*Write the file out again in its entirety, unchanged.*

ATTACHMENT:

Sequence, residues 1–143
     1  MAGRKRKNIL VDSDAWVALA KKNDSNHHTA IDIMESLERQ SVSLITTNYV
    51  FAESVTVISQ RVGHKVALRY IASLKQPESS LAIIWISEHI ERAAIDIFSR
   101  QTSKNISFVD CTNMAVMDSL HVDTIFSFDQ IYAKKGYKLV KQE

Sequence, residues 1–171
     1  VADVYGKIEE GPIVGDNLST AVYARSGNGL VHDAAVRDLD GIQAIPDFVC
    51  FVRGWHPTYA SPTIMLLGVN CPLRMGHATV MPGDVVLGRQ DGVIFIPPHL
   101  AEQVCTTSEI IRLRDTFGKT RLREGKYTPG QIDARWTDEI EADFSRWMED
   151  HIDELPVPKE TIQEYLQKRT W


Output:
Sequence, residues 1–143
     1  MAGRKRKNIL VDSDAWVALA KKNDSNHHTA IDIMESLERQ SVSLITTNYV
    51  FAESVTVISQ RVGHKVALRY IASLKQPESS LAIIWISEHI ERAAIDIFSR
   101  QTSKNISFVD CTNMAVMDSL HVDTIFSFDQ IYAKKGYKLV KQE

Sequence, residues 1–171
     1  VADVYGKIEE GPIVGDNLST AVYARSGNGL VHDAAVRDLD GIQAIPDFVC
    51  FVRGWHPTYA SPTIMLLGVN CPLRMGHATV MPGDVVLGRQ DGVIFIPPHL
   101  AEQVCTTSEI IRLRDTFGKT RLREGKYTPG QIDARWTDEI EADFSRWMED
   151  HIDELPVPKE TIQEYLQKRT W